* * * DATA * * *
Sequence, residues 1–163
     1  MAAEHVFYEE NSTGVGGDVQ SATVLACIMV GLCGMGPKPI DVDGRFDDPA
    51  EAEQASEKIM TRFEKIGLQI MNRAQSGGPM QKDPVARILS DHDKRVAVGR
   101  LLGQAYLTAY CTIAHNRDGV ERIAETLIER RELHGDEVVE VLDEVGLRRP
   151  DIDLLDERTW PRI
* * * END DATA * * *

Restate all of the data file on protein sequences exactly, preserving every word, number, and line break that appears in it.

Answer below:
Sequence, residues 1–163
     1  MAAEHVFYEE NSTGVGGDVQ SATVLACIMV GLCGMGPKPI DVDGRFDDPA
    51  EAEQASEKIM TRFEKIGLQI MNRAQSGGPM QKDPVARILS DHDKRVAVGR
   101  LLGQAYLTAY CTIAHNRDGV ERIAETLIER RELHGDEVVE VLDEVGLRRP
   151  DIDLLDERTW PRI